5. 5. practice stimulates new shoots and also tends to keep the tree from being too tall for convenientharvesting.In the absence of information about the fertilizer requirements, Coronel (1983) recommended theapplication of 100-200g ammonium sulphate per tree 1 month after planting and again at6months. The amount should be gradually increased until the trees start to produce fruits; then500-1000g complete fertilizer may be applied to each tree twice a year. A full bearing tree mayrequire at least 2 kg complete fertilizer per application.Cultural practices Proper husbandry practices, such as removing dead and dying branches and mulching, are essential to maintaining the health and vigor of the trees. Mulching young plants is beneficial by helping keep the soil moist and adding a steady supply of nutrients. It also helps control weeds around the root system. Use of herbicides to control weeds around the base of the tree can damage the tree if it comes in contact with the surface roots or young trunk. Young trees need to be protected from cattle, goats, horses, andpigs that will eat the bark and tender shoots. Mulching with fallen breadfruit leaves and other organic material is favorable. This relativelylow-maintenance species can be fertilized once a year with a balanced NPK fertilizer, but trees can produce abundantly and thrive for years without supplemental fertilizer. Small tip branches often die back after fruiting and should be pruned and removed to maintain the long-term health of the tree. Pruning should be limited to the removal of dead branches, but trees are often topped to make it easier to reach and harvest fruits. However, the new shoots and branches are brittle and readily break.Young trees, especially those grown for commercial production, can be carefully pruned every year or so to encourage a good structure and branching habit. Keeping them low makes it easier to reach and harvest fruit. Pruning the parent tree will increase the number of suckers, and root pruning each sucker several times over a period of months before taking it up will contribute to its survival when transplanted.Some growers recommend pruning of branches that have borne fruit and would normally die back, because this practice stimulates new shoots and also tends to keep the tree from being too tall for convenient harvesting. Standard mixtures of NPK are applied seasonally. When the trees reach bearing age, they each receive, in addition, 4.4 lbs (2 kg) superphosphate per year to increase the size and quality of the fruits. Source 1; Breadfruit( Ragone, 1997); Source 2; Artocarpus atilis (Ragone, 2006); Source 3; . Breadfruit. Morton, J.1987; Source 4; Regeneration guidelines for breadfruit(Ragone 2008); Source 5; Postharvest handling Technical Bulletin(New Guyana Marketing Corporation, 2004) ; Source 6: Farm and Forestry Production and Marketing Profile for Breadfruit(Ragone,2011); Source 7; First International Symposium on Breadfruit Research and Development (Taylor.M&Ragone. D, 2007, Nadi, Fiji)
  6. 6. Usecompostorprovideacompletefertilizeratthebeginning andendofthefruitingseasontomaintainthehealthandvigoroftrees,especiallythose thatare10ormoreyearsold.Removedeadordamagedbranchesafterthefruitingseason. Avoid herbicide use around the base of the tree as it can cause damage if it comes in contact with the surface roots or tender trunk. If the weather is dry, irrigate for the first 1–3 months of establishment. Deep irrigation is important to encourage a deep root system.Pest and DiseasesBreadfruit is a hardy tree and relatively free of diseases and pests although scale insects,mealybugs (Kiri- batiexperiencedfruitlossandtreedeclineasaresult) and Cercosporaleafspot can beseen on many trees (Marte 1986; Rajendran 1992).Problems seem to be regional in nature: the two-spotted leaf hopper has been observed damagingtrees in Hawaii; Rastrococcusinvadeniss becoming a pest in certain parts of West Africa(Agounkeet al.1988) and Rosellininasp. has been reported as a potential threat in Trinidad andGrenada (Marte 1986). Since it could kill the tree and spreads relatively rapidly, attention mustbe paid to an effective control method. Liming the soil has been shown to be effective inreducing the damage caused by this fungus.InAustralia,fruitspottingbugs(Amblypeltaspp.)havecausedsomecommercialfruittobedowngradedthrough shapedistortionandhardspots.Theglassy-wingedsharpshooter(Homalodiscacoagulata),adestructiveleafhopper,reachedTahitiandotherislandsinFrenchPolynesiain1999,be-comingaseriousagriculturalpest.Ithasbeencontrolledbytheintroductionofaparasiticwaspin2005.ThisleafhopperreachedHawai‘iin2004andtheCookIslandsin2007.Cercosporaleafspotisseenonmanytrees.Root-knot nematode (Meloidogynesp.) has been reported as a serious problem in Malaysia andaffected plants show retarded growth, sparse branching, yellowing of the leaves and very poorroot systems devoid of feeder roots (Razak 1978).In the 1960s, there was concern that breadfruit trees in Micronesia were being decimated by aproblem known as ‘ Pingelap disease’ . Die-back on many islands, in particular Guam and theCaroline atolls, was extensive (Zaiger and Zentmeyer1966). A subsequent survey by Trujillo(1971) determined that there was no single pathological cause of this die-back. Rather, it wasconsidered to be the result of a combination of typhoon damage, drought, aging of the trees,salinity and other environmental factors. This problem has recently been observed in severalCaribbean Islands (L.B. Roberts-Nkrumah, 1990, pers. comm.). Recent work in the Mariana Source 1; Breadfruit( Ragone, 1997); Source 2; Artocarpus atilis (Ragone, 2006); Source 3; . Breadfruit. Morton, J.1987; Source 4; Regeneration guidelines for breadfruit(Ragone 2008); Source 5; Postharvest handling Technical Bulletin(New Guyana Marketing Corporation, 2004) ; Source 6: Farm and Forestry Production and Marketing Profile for Breadfruit(Ragone,2011); Source 7; First International Symposium on Breadfruit Research and Development (Taylor.M&Ragone. D, 2007, Nadi, Fiji)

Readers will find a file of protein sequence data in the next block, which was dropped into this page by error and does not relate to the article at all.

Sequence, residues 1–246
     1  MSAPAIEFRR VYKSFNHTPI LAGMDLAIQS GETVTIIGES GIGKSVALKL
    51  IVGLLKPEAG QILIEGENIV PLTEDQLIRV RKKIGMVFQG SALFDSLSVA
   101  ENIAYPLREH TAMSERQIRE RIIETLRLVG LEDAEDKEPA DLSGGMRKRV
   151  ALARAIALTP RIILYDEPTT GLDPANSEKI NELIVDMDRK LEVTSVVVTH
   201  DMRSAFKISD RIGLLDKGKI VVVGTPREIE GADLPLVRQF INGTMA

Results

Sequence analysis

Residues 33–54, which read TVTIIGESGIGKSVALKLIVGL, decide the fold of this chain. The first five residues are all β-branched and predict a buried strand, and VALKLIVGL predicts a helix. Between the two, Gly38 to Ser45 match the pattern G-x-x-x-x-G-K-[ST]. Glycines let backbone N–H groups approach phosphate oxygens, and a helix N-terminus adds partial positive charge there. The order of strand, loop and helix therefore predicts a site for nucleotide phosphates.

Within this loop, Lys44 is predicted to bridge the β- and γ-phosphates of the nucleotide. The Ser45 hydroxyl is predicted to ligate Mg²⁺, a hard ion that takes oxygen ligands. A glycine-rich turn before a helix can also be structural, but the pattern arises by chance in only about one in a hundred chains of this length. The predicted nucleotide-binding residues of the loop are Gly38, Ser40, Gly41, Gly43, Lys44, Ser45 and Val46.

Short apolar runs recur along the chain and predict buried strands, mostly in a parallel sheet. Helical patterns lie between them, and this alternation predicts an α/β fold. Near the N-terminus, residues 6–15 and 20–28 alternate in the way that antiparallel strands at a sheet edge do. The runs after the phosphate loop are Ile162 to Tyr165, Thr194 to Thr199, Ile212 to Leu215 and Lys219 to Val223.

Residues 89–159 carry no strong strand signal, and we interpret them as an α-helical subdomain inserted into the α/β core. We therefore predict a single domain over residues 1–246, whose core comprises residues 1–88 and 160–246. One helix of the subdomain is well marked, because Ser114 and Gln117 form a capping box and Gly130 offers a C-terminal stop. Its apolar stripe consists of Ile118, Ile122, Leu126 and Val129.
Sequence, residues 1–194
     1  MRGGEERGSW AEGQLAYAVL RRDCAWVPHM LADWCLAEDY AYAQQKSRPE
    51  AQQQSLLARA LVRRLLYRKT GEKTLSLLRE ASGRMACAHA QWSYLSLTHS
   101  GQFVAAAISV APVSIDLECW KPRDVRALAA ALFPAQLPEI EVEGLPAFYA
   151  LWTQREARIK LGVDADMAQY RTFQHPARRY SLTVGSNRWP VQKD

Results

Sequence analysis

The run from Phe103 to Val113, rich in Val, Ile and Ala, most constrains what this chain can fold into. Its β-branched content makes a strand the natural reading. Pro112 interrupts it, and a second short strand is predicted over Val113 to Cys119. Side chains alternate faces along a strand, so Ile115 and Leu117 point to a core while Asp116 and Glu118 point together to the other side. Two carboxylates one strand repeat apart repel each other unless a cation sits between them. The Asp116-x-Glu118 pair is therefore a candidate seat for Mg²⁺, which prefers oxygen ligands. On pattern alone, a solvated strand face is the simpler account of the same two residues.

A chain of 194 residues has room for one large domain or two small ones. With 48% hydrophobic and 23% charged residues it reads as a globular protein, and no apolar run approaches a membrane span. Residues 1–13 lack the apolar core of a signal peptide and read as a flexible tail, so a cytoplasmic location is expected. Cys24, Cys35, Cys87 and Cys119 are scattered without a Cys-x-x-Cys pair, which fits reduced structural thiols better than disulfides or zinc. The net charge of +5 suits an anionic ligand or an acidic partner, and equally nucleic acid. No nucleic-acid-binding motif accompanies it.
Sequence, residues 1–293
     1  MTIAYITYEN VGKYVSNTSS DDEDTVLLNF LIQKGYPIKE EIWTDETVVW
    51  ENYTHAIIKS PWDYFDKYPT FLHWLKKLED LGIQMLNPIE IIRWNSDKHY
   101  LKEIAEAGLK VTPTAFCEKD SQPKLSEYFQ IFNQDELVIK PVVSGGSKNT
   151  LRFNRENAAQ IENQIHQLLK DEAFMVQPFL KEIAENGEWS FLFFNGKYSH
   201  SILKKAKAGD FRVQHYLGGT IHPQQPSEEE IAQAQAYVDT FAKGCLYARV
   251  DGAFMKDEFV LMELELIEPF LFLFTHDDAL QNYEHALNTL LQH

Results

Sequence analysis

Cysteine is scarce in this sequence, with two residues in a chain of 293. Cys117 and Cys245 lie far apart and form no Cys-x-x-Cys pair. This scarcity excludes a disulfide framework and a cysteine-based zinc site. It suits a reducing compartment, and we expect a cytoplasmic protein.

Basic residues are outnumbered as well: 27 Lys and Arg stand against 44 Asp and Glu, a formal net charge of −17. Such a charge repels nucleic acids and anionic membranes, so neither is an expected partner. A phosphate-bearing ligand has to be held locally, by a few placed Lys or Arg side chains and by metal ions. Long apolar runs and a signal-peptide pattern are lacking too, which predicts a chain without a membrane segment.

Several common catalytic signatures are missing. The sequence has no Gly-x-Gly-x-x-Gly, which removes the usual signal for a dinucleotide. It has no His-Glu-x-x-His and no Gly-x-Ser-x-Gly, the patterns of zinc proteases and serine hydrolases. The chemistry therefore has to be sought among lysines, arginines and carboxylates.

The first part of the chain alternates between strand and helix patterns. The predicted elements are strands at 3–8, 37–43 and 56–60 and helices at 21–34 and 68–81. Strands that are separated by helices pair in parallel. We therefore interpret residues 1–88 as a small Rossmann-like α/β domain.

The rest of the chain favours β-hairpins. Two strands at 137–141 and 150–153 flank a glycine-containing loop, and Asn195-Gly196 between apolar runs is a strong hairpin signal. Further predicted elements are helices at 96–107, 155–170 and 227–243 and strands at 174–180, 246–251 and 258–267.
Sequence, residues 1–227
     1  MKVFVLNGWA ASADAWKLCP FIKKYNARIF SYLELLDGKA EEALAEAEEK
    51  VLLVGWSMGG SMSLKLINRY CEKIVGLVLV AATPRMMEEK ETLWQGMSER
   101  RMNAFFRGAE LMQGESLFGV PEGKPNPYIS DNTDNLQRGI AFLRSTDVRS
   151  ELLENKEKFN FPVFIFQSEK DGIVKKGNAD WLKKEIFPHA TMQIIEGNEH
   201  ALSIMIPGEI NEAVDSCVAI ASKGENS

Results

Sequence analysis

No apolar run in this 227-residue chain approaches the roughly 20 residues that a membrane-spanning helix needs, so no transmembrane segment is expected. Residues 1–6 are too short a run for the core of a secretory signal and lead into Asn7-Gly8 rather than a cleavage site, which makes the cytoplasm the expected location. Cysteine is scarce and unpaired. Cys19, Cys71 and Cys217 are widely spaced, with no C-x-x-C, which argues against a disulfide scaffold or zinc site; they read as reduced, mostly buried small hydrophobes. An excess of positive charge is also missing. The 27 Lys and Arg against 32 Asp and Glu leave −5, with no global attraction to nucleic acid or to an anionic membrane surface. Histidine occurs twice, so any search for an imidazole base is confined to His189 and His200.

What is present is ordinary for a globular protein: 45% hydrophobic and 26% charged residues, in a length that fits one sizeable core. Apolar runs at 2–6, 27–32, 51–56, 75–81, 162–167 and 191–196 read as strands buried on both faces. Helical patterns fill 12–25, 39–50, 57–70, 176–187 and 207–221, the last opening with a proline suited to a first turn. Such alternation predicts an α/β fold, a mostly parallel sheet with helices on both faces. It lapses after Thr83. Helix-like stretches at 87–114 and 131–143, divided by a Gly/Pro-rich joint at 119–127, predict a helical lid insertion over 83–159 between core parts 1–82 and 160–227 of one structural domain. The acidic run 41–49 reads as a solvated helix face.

7. 7. Islands has identified Phellinusnoxiusa s the causal organism of crown rot and dieback inbreadfruit (Hodges and Tenorio 1984); it spreads through root contact, especiallywhen the tree isplanted in areas of native forest that havebeen recently cleared.Several causal organisms are responsible for fruit rot of breadfruit. Fruits can be affected byPhytophthora, Colletotrichum(anthracnose) and Rhizopus(soft rot), but these can be controlledby prompt harvest of mature fruits and removal of diseased fruits (Trujillo 1971; Gerlach andSalevao 1984). Phytophthoraw as controlled in India by two sprays of 1% Bordeaux mixture onthe entire tree at intervals of 2 weeks at the ripening stage (Suharban and Philip 1987). Theoriental fruit fly attacks fruits that are allowed to ripen on the tree as well as those that havefallen to the ground. Losses of 30% were estimated for the Philippines during certain seasons(Coronel 1983).TreedeclineanddiebackisproblematicthroughoutthePacificandCaribbeanIslands,especiallyonatolls.Sincenopathologicalcausehasbeenidentified,theyareconsideredtobetheresultofstormdamage,drought,agingofthetrees,orsalinity. Source 1; Breadfruit( Ragone, 1997); Source 2; Artocarpus atilis (Ragone, 2006); Source 3; . Breadfruit. Morton, J.1987; Source 4; Regeneration guidelines for breadfruit(Ragone 2008); Source 5; Postharvest handling Technical Bulletin(New Guyana Marketing Corporation, 2004) ; Source 6: Farm and Forestry Production and Marketing Profile for Breadfruit(Ragone,2011); Source 7; First International Symposium on Breadfruit Research and Development (Taylor.M&Ragone. D, 2007, Nadi, Fiji)